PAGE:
In the late eighteenth and early nineteenth century whisky was widely illegally distilled all over Scotland - and England too, for that matter, including in large cities, although the site of several stills have visibly survived here in the Cheviot hills. The situation was complicated by the fact that differing tax-regimes meant legally bought whisky could be purchased in Scotland, illicitly carried over the border and sold at a large profit. Yetholm was ideally situated for such a trade. Unfortunately, much home-produced whisky was of a low-quality - 'rot-gut' would be an apt description - so the smuggling into Britain of higher quality gin and brandy was also widely practiced.
it is against this background that Graeme Watson has reassembled scattered verses about a gang of gin smugglers that brought continental gin landed at Boulmer, a small haven on the coast east of Alnwick, northwards across the border into Scotland. Each verse concerns a different character and Graeme has researched what can be known about each of these individuals, including Will Fa', king of the Yetholm gipsies; Blind Wull Balmer from Jedburgh, a fiddler and horse-dealer, but who was also well-able to brawl with excisemen who crossed his path; Bob Dunn, a farmer and horse-dealer from near Rothbury, who kept barrels of gin secreted inside the walls of his house - and many others - Jock the Deck, Jamie Tackets o' Hawick, Tam Elliot of Appletree Hall ... Graeme also makes a case for the verses being the work of Robert Gray, the 'Yetholm Poet', a contemporary of Will Fa', who spent his life wandering the Borders and north Northumberland reciting his poetry.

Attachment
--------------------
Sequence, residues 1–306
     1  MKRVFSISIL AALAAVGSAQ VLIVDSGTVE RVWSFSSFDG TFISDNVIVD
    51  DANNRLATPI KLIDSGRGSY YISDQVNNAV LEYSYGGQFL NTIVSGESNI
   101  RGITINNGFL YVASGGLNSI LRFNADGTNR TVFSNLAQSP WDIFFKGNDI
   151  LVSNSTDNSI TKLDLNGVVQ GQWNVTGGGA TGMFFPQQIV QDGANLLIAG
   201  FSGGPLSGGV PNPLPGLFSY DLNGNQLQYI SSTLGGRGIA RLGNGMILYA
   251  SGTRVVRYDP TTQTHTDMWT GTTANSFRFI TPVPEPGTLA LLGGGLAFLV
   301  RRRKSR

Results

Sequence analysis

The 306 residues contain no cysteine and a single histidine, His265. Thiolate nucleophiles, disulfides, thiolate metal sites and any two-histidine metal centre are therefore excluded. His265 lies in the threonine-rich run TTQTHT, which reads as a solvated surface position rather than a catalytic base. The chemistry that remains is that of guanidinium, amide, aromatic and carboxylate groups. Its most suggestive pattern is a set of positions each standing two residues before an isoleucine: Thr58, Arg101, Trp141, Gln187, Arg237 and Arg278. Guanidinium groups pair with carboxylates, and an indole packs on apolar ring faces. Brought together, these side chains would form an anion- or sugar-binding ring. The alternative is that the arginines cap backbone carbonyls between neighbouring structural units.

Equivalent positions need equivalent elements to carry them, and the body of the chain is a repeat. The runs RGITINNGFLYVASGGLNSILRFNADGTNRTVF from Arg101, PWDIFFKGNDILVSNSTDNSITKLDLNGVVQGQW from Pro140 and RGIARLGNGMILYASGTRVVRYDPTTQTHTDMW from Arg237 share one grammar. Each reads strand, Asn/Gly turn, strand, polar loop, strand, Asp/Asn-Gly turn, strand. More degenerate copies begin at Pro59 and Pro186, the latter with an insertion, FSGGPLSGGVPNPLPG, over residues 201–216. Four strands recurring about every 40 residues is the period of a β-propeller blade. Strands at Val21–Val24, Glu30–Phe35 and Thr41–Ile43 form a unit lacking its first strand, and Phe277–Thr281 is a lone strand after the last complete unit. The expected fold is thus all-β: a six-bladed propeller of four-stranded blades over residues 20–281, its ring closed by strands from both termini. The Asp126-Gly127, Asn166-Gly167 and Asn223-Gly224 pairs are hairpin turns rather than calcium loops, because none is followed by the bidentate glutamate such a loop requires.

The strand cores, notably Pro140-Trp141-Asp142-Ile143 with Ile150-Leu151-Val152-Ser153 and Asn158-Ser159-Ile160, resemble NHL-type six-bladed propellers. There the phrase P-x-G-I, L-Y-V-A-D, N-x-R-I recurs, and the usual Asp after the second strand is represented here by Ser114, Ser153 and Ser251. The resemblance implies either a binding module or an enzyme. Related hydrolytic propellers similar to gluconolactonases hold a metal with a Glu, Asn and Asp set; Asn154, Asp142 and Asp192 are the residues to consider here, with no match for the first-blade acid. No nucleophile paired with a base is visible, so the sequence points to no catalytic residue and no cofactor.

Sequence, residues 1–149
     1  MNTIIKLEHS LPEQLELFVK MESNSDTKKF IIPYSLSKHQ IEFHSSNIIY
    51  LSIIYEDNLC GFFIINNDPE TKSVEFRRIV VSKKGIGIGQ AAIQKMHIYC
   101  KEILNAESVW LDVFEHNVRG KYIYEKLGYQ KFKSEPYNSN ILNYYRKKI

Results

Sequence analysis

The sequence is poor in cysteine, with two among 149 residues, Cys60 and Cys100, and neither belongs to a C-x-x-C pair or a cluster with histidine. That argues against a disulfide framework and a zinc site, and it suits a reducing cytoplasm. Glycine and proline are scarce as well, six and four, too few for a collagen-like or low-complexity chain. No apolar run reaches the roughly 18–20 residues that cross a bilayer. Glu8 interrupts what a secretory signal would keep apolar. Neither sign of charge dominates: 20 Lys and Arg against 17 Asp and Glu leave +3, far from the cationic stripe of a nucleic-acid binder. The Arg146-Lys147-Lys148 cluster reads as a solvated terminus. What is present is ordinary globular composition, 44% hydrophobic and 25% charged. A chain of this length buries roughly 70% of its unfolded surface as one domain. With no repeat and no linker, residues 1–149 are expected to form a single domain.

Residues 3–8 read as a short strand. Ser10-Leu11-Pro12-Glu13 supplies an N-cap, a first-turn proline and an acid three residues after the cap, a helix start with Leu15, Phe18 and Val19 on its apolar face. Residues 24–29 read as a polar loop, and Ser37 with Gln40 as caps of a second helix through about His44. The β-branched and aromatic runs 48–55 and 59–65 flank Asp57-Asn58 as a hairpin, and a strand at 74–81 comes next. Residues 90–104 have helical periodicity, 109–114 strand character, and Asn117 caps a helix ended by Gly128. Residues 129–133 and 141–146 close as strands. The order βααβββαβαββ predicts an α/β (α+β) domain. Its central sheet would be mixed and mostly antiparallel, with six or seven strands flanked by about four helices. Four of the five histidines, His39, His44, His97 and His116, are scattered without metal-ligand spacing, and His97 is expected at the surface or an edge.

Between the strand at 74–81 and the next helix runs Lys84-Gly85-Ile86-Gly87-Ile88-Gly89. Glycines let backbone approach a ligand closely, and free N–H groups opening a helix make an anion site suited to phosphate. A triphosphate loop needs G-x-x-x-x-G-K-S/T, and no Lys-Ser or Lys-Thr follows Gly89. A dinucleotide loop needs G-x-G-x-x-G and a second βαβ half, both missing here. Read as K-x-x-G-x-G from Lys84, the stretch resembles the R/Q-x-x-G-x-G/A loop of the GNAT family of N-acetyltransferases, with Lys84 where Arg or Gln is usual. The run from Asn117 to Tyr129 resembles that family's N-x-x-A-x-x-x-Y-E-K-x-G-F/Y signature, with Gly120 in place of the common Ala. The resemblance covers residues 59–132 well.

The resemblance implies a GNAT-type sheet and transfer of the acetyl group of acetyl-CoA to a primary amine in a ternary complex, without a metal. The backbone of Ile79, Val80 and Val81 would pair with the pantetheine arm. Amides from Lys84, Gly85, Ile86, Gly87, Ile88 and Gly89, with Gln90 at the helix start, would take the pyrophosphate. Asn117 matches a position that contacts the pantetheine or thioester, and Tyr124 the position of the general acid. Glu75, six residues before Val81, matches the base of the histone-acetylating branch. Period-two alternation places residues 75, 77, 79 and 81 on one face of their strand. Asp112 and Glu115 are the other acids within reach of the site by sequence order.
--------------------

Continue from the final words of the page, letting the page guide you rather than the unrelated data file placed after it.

A surprising amount of information has survived about many of these individuals, but unfortunately no images have survived. This lack has been remedied by Beatrice Smith who provides vivid and imaginative pictures of each of these colourful charcters Below: Click on an image to see a fuller version.